Busting The 8-Glasses-A-Day Myth

water pitcher
water pitcher
A new report throws water on the long-held belief that eight glasses of water a day is good for your health.

That just doesn't hold water, according to doctors at the University of Pennsylvania, CBS News correspondent Nancy Cordes reports.

"If you're thirsty, drink," said Dr. Stanley Goldfarb. "If you're not thirsty, you needn't drink."

The researchers looked at all of the studies out there and found no evidence that drinking lots of water has lots of benefits.

Some common misconceptions, as told by passers-by:

  • It cleans all the toxins that are in your body.
  • Your body weight divided by two, that's how many fluid ounces you should at least be bringing in.
  • Drinking water improves your skin tone.

    As for upping your intake to improve skin tone or reduce headaches: "There was never a scientific basis for it," Goldfarb said.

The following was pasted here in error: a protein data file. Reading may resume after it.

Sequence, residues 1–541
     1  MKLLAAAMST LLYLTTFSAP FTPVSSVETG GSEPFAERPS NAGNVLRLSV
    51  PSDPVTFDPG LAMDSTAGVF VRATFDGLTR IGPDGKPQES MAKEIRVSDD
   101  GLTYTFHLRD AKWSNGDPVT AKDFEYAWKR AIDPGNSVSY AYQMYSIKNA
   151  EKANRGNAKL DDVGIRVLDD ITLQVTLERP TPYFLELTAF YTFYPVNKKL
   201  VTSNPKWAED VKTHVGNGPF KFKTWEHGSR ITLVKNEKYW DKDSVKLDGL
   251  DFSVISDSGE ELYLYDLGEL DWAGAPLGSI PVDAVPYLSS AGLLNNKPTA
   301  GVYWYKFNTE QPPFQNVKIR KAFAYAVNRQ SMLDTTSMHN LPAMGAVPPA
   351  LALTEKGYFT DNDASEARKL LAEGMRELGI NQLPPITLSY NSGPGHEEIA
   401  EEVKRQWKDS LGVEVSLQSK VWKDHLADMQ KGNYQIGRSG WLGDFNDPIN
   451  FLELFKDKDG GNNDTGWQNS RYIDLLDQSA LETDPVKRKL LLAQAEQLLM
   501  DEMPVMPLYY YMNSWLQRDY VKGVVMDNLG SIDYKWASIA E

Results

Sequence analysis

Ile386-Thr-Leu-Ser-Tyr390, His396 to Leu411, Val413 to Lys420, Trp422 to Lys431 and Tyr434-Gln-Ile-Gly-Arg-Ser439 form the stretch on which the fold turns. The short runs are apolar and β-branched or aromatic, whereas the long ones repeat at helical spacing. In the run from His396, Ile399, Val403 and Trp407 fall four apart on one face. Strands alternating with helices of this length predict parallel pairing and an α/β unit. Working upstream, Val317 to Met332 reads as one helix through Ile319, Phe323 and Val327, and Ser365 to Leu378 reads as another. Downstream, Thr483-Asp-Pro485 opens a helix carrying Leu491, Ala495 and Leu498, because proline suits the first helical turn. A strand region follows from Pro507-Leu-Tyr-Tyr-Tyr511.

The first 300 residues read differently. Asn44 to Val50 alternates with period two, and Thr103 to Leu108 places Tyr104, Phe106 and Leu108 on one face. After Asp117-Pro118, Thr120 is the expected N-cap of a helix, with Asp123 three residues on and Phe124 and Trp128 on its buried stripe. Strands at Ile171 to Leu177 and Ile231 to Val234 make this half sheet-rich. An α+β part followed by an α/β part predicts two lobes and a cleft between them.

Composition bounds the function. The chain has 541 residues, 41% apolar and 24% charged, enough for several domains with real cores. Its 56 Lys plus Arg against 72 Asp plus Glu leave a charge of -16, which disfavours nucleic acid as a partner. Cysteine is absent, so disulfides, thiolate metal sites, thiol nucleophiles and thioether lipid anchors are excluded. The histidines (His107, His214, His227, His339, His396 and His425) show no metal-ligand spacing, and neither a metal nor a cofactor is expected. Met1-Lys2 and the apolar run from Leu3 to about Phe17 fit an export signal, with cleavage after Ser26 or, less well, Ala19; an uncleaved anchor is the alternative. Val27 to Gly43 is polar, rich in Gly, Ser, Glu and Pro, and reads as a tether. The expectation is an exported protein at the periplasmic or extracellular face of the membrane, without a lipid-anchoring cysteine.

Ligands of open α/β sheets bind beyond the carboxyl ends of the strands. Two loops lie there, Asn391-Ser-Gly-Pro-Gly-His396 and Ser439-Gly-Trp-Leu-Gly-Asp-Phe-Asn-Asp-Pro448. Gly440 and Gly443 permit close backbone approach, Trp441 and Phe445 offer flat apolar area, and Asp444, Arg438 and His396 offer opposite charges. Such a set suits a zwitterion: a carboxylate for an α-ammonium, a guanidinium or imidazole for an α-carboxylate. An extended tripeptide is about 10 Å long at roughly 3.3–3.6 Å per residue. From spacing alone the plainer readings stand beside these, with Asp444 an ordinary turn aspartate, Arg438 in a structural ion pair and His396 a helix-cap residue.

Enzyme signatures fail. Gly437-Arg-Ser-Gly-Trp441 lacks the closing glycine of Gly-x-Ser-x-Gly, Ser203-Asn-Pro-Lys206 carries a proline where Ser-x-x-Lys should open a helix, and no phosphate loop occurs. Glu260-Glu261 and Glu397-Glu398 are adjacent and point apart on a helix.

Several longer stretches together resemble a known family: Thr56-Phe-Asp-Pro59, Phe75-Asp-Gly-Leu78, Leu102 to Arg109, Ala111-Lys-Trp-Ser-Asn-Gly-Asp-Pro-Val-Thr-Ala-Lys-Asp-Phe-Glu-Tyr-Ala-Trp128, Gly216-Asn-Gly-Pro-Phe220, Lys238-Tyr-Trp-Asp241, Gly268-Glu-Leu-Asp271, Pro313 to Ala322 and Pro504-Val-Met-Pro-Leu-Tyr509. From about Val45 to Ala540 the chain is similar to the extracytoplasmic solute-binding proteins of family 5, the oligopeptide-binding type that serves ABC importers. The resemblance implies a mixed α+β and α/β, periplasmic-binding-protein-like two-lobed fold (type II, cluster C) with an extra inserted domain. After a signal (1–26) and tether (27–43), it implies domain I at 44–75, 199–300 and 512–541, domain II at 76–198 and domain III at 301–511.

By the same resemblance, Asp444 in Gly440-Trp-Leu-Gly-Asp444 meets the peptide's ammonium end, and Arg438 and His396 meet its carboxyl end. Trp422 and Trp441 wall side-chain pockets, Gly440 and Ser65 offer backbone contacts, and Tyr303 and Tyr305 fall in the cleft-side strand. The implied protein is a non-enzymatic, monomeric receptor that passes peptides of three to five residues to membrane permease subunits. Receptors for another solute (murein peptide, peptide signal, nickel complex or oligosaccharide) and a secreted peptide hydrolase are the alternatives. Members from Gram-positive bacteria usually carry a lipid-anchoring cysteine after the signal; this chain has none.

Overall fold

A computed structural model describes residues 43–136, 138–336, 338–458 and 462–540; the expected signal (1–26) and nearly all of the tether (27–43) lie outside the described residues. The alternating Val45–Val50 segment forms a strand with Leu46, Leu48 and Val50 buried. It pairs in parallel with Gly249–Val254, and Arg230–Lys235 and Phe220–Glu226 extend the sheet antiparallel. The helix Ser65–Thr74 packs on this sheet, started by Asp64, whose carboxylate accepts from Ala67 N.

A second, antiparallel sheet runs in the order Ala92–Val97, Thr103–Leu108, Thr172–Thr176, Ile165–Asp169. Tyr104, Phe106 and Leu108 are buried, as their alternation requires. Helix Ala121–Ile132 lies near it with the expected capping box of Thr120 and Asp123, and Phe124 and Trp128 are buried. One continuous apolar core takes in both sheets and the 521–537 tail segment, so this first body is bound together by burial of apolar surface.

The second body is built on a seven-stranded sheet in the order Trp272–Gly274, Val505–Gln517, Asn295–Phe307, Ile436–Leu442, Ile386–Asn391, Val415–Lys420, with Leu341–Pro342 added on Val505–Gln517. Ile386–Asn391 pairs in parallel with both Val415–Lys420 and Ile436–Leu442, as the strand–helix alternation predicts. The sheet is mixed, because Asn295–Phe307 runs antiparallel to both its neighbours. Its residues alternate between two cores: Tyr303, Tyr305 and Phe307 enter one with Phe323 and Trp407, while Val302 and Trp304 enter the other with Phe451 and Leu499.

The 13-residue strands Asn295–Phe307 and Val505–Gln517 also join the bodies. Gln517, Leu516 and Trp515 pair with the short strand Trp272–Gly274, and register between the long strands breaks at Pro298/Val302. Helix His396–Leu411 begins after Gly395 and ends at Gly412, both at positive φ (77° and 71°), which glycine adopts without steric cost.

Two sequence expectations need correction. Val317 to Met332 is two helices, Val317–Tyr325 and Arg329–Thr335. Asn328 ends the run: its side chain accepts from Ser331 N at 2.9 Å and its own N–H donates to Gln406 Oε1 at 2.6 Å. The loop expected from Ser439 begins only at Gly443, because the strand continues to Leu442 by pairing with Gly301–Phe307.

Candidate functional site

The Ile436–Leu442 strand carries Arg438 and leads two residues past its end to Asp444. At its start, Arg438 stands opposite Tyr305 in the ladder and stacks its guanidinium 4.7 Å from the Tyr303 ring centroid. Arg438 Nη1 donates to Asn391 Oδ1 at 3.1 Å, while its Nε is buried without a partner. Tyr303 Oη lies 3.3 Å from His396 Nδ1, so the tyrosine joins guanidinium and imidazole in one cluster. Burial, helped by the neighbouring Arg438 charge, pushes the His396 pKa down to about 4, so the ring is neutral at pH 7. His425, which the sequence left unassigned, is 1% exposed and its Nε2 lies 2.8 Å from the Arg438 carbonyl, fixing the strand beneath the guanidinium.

And despite what all the diet books say, there's also no proof that filling up with water will make you less hungry.

    "Those individuals that enjoy going to the bathroom would benefit from high fluid intake. But others definitely would not," Goldfarb said.

    So where did the idea of eight glasses a day come from? Nobody really knows.

    The researchers argue that a healthy adult only needs to consume the amount of water they lose every day - about a quart-and-a-half, or four to six glasses.

    For some, the findings may be hard to swallow.

    "I sort of think the more the better," said one young woman. "I don't think you can drink too much."

    Maybe not, but researchers say some of our most cherished beliefs about the power of water could be … all wet.

    • Nancy Cordes
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      Nancy Cordes is CBS News' congressional correspondent.